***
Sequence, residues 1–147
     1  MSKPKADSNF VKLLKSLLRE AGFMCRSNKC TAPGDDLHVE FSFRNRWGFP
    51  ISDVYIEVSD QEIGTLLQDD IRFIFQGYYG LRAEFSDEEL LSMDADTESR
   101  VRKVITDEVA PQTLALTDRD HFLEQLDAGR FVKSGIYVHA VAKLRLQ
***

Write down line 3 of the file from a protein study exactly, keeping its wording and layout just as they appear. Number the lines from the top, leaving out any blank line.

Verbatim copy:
    51  ISDVYIEVSD QEIGTLLQDD IRFIFQGYYG LRAEFSDEEL LSMDADTESR